Data were also reported from the BLOOM trial on an EGFRm T790M mutation-positive NSCLC unselected cohort of 21 patients with leptomeningeal metastases (LM) treated with osimertinib at an off-label dose of 160mg po once daily.4 The overall LM response by investigator assessment was 43%, and of the 10 patients with an ‘abnormal’ neurological assessment at baseline, seven (70%) had an improvement.4 The most common AEs were diarrhoea (n=13), nausea (n=11), paronychia (n=9) and rash (n=9). All were Grade 1/2, except one case each of diarrhoea and nausea (both Grade >3).4 Six patients had dose interruptions, four patients had an AE leading to dose reduction, and four patients had an AE leading to discontinuation. Three patients had an AE leading to death, however no deaths were considered possibly causally-related to osimertinib by the investigator.4
Sean Bohen, Executive Vice President, Global Medicines Development and Chief Medical Officer at AstraZeneca, said: “Osimertinib’s potential for blood-brain barrier penetration was recognised at an early stage of development, and it is gratifying to see those findings reflected in positive progression-free survival outcomes in patients with CNS metastases in the AURA3 trial and in responses in patients with leptomeningeal metastases in the BLOOM study.”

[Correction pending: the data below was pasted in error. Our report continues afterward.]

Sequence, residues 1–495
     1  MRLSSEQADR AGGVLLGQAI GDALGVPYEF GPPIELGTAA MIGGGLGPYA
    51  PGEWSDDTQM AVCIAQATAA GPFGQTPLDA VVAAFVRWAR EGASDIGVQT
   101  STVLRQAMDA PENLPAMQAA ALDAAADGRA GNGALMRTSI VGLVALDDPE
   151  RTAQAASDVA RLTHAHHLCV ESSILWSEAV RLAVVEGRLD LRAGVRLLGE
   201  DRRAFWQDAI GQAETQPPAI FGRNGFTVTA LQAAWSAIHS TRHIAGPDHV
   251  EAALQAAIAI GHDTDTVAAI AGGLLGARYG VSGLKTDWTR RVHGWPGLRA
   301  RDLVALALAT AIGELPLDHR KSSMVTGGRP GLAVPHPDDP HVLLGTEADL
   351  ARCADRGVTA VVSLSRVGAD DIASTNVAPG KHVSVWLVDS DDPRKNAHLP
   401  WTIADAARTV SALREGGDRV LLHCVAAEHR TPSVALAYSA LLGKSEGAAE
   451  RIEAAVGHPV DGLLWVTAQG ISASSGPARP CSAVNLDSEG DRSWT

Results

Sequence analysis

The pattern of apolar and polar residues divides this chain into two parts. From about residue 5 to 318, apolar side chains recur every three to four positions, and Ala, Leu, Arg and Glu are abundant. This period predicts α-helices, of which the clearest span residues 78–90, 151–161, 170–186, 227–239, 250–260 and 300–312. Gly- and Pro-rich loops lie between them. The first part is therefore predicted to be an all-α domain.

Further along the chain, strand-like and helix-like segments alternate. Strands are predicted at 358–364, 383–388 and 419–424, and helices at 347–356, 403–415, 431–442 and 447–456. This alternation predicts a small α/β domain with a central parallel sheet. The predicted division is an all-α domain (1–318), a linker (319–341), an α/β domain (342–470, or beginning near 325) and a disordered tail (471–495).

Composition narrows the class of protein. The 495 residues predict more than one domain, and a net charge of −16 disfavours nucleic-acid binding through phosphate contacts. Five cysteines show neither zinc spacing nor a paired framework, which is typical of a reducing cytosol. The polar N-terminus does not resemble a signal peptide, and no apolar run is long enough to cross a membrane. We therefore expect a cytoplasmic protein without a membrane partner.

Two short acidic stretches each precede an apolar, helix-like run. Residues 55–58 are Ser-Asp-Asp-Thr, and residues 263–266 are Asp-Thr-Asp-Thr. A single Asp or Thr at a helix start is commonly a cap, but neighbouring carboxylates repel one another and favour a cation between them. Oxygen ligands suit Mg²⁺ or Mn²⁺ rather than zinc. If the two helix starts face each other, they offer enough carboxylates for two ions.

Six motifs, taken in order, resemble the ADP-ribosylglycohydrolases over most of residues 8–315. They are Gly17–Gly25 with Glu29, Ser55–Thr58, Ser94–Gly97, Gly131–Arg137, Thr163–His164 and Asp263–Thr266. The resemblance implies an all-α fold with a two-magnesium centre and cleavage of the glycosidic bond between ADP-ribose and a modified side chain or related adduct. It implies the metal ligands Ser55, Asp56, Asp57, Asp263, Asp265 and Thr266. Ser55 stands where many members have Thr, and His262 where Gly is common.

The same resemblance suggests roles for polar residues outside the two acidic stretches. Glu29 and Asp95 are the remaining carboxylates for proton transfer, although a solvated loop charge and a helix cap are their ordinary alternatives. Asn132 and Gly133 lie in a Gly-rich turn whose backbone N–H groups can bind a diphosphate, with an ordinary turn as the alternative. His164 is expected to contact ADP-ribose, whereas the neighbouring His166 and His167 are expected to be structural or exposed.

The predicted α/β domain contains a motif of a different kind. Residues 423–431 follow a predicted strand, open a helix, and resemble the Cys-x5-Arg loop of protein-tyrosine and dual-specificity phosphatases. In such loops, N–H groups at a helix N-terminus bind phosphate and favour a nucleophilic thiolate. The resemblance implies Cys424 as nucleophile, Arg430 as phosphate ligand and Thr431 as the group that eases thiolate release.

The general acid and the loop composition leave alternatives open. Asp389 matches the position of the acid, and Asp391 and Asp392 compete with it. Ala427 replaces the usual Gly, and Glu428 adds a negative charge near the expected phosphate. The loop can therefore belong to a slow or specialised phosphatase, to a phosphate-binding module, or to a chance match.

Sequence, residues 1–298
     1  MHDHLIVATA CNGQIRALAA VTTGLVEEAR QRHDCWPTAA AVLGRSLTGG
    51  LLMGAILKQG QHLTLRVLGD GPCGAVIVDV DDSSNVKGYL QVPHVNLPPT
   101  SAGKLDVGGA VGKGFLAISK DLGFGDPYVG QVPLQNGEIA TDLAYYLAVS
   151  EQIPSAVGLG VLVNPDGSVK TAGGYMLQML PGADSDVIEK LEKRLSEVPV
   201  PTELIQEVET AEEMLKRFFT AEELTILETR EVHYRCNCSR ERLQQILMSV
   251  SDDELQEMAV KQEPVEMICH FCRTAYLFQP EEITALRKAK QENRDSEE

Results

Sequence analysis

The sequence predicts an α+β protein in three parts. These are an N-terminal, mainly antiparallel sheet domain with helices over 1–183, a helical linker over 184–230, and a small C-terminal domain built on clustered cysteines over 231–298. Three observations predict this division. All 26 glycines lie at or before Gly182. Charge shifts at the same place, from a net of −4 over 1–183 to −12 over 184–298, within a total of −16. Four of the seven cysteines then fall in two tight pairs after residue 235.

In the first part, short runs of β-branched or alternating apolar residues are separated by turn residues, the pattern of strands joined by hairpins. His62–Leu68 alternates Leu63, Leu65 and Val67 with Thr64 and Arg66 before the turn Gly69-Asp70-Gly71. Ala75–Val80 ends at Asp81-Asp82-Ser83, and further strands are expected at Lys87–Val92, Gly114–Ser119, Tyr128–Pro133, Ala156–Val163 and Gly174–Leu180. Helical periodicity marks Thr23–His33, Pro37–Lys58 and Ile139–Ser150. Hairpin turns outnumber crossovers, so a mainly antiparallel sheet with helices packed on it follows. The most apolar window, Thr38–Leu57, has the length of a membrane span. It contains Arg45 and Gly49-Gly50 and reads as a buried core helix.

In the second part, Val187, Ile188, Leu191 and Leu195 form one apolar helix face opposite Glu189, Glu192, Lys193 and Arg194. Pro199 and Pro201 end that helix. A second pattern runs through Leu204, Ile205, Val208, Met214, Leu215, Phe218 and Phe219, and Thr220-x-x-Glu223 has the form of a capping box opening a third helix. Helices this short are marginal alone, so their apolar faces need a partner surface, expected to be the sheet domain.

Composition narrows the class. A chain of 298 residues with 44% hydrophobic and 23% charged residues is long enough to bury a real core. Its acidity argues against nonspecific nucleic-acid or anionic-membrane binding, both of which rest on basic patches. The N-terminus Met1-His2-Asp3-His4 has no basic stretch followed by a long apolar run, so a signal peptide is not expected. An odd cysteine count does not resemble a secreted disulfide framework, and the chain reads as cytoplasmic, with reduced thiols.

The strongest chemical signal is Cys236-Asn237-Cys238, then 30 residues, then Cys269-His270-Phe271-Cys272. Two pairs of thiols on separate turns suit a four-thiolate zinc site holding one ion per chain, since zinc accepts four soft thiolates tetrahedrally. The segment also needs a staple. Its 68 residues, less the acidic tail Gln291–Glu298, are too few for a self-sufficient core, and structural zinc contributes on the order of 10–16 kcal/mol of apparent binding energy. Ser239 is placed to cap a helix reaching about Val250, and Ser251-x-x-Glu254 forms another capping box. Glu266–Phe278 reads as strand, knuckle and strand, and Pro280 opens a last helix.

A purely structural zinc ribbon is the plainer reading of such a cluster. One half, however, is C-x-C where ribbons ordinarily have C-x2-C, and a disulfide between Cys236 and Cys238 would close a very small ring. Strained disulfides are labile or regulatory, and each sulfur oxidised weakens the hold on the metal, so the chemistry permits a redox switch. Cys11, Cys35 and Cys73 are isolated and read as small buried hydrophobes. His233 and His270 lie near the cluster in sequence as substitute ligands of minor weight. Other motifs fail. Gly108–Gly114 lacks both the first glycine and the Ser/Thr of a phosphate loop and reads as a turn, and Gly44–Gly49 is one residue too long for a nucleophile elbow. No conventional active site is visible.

LM are incurable and notoriously difficult to treat, as existing therapies are often unable to effectively cross the blood-brain barrier, leaving patients with limited treatment options.5-7 The use of osimertinib for these patients is not approved and subject to further clinical research.
– ENDS –
NOTES TO EDITORS
About Non-Small Cell Lung Cancer (NSCLC)
Lung cancer is the leading cause of cancer death among both men and women, accounting for about one-quarter of all cancer deaths, more than breast, prostate and colorectal cancers combined.8 Patients who have EGFR mutation-positive NSCLC, which occurs in 10-15% of NSCLC patients in the US and Europe and 30-40% of NSCLC patients in Asia, are particularly sensitive to treatment with currently available EGFR-TKIs, which block the cell signalling pathways that drive the growth of tumour cells.9-12 However, tumours almost always develop resistance to treatment, leading to disease progression.13 Approximately half of patients develop resistance to approved EGFR-TKIs such as gefitinib, erlotinib and afatinib due to the secondary mutation, EGFR T790M.13,14